Welcome to the world of an Asian bad guy. In Vietnamese, LỰU ĐẠN translates to ‘bad guy.’ The mission of the brand is to showcase the Asian bad boy to the world. The Western perspective often limits the portrayal of Asian male figures, but Hung La aims to revive an interesting, lively, and slightly wild image of the Asian bad boy through the medium of fashion. Having traversed numerous Asian cities, the vibrancy of the youth deeply impressed Hung and convinced Hung that it is crucial to continue establishing a prominent presence for Asian identity in the fashion industry.
As only of the only Asian designers who has worked at CELINE and Balenciaga in Paris, Hung, although raised in the West, constantly explores his Asian identity and showcases its diversity through fashion. Even in a time when diversity is celebrated, there is still a need for change and a need for voices to be heard, such as the scarcity of Asians or women in positions at LVMH. Despite the challenges ahead, we must speak up, be seen, and create a community, a fashion language system that belongs uniquely to Asia.
What motivated you to start your brand and named it “LỰU ĐẠN” initially?
Hung La: LỰU ĐẠN means grenade in Vietnam. LỰU means pomegranate and dan means bullet, but it actually is kind of slang for dangerous man. So, when someone is LỰU ĐẠN, it means dangerous men. For me, there is a specific type of man in Asia or from the east that he drinks too much, he gambles, he’s a bit sleazy, is dodgy. He goes to Karaoke late at night. It’s his character. He wears a lot of floral prints or animal prints. He’s a little bit too much. The name comes from that.
I felt like there were no brands that really spoke to this except WACKO MARIA does a little bit. Because I’ve always grown up in the west and lived in Washington, Paris, Antar, Milan, London, so most of my points of view are either from a Western lens, and in the West, we have this polarization of the Asian male. It’s either demasculated, means someone who’s not very sexual or hyper masculine like Kung Fu or explosives experts. For me, there’s a whole wide spectrum of storytelling that’s not done about Asian men. I know there’s a lot of kind of fun characters of Asian bad boys in Asian culture. I wanted to create a brand around that.
What kind of person do you envision when you think about someone wearing LỰU ĐẠN?
Hung La: My dream for LỰU ĐẠN is always to dress a transcendental iconic figure.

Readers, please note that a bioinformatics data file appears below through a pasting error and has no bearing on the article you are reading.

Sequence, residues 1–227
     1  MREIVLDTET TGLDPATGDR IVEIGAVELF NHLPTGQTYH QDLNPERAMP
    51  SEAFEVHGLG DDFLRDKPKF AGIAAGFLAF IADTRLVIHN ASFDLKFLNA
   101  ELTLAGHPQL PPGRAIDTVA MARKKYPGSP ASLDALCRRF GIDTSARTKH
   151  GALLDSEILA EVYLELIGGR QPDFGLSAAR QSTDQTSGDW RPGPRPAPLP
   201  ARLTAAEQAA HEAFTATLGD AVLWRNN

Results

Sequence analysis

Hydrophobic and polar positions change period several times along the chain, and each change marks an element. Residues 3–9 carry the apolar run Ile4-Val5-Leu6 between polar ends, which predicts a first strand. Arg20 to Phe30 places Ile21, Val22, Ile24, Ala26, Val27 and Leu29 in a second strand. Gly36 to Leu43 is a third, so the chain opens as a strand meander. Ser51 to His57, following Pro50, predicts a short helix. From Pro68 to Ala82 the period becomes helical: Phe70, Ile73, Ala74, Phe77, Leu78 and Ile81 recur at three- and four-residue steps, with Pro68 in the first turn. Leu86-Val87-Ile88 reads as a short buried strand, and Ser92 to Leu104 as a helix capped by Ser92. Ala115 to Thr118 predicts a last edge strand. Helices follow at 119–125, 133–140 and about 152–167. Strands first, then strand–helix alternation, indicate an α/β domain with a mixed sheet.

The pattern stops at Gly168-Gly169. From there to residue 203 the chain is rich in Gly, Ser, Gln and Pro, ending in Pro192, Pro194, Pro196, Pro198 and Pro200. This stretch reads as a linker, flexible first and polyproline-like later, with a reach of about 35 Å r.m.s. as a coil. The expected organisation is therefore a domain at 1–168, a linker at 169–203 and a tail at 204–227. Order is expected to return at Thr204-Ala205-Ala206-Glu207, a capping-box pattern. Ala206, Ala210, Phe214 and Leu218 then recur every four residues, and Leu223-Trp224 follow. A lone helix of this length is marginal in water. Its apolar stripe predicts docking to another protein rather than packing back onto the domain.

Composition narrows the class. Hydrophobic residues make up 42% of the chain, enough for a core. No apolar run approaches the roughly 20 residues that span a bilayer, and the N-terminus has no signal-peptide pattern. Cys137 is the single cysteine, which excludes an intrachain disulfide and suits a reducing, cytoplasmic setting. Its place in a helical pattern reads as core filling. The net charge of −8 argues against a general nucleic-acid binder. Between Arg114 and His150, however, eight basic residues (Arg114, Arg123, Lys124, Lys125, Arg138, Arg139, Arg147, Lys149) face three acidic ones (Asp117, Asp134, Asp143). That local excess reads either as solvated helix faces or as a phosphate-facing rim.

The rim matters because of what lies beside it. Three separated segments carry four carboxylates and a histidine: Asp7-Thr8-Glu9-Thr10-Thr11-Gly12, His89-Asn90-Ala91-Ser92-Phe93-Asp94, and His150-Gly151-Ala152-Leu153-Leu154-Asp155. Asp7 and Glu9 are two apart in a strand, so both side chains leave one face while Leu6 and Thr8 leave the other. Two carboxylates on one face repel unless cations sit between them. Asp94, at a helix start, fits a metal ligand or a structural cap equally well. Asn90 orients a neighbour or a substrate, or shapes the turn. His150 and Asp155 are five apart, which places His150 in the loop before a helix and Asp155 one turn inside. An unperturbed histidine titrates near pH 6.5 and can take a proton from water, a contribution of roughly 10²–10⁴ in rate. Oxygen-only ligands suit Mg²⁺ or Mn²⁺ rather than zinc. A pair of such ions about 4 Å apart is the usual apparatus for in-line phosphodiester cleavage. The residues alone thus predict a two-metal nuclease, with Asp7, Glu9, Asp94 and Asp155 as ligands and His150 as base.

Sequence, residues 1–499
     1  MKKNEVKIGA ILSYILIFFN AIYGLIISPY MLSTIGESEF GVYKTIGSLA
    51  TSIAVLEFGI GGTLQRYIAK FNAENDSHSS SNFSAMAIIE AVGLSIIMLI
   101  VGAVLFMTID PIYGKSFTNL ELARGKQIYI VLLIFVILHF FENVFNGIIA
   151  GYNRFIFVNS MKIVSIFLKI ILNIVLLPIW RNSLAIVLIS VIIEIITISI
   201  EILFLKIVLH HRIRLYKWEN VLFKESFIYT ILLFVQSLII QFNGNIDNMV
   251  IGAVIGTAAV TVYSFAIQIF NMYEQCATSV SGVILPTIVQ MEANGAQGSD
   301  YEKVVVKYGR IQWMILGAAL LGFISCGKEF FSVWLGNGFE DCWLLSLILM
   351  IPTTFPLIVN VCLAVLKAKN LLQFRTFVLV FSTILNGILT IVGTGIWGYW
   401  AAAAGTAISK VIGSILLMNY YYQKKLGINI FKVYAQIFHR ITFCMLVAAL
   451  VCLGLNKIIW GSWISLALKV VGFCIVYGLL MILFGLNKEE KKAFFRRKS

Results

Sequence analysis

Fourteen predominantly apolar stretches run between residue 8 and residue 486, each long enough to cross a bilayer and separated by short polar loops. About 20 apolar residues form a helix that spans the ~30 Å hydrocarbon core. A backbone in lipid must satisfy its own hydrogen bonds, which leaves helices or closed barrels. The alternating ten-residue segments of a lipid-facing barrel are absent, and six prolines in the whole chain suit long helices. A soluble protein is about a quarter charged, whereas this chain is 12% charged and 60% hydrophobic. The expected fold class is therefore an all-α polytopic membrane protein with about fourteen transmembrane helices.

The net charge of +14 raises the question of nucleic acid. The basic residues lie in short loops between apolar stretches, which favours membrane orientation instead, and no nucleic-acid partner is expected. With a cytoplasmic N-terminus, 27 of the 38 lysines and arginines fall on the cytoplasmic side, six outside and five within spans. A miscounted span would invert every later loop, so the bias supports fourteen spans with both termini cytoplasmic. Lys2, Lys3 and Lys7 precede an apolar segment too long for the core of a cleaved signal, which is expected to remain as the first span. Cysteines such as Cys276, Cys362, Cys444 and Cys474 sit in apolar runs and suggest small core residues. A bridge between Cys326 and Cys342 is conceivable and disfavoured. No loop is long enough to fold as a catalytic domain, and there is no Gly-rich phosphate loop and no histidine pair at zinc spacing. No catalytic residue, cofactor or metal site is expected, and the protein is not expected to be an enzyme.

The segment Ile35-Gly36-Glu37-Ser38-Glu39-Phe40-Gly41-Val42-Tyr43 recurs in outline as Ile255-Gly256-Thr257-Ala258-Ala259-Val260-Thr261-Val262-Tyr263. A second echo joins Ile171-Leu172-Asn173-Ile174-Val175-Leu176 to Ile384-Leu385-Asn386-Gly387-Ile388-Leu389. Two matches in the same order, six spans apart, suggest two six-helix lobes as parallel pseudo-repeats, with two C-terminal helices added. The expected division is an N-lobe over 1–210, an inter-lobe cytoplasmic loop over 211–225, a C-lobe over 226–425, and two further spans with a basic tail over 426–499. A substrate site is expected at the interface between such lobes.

When you look at stars like Bruce Lee. For me, there are these iconic figures that transcend like all spectrums of culture such as music or cinema, fashion, culture. They become these figures that are imprinted in our brain in terms of when we think of a certain period of certain style, and everyone has their different interpretations.
But my ambition is to dress the next Asian to a transcendental figure that captures the audience in terms of every aspect of their life. They have a 365 ° view of their lifestyle, their brand, their culture, the food they eat. It is part of that world.
Fashion can be such a powerful vehicle in terms of galvanizing people and when music and cinema and fashion come together, it becomes such a powerful force in terms of bringing people together. And for me, that’s always the ambition of the dream is to kind of be the vehicle part of that machine. But the people who actually wear LỰU ĐẠN are amazing. It’s fun people when they wear it, they change their personalities, they become a little bit sleazier, or a little bit more of a bad boy, and it’s a fun brand to wear.
How do you describe your brand in three words and why?
Hung La: We’ve established three foundational pillars for our brand, each encapsulating distinct elements.
Firstly, Asian Identity: Despite my experiences at CELINE and Balenciaga, and my recent venture into women’s wear with Kwaidan Editions alongside my partner, I had never explored Asian identity in my work. The wake of COVID-19 and the George Floyd incident prompted a reevaluation. During this time, authenticity became paramount. People craved genuine narratives, whether about gender identity, sustainability, or, in my case, Asian identity. I had once distanced myself from my Asian roots, considering it too specific, but the authenticity movement compelled me to embrace and showcase the diverse facets of Asian identity through my fashion.
The second pillar is ‘Villains’: Personally drawn to bad boys and villains in films, I find them intriguing with their better dress sense, compelling stories, and psychological depth. While I don’t endorse violence, I appreciate the complexity and allure of a well-crafted villain or bad boy, often preferring them over the clean-cut hero.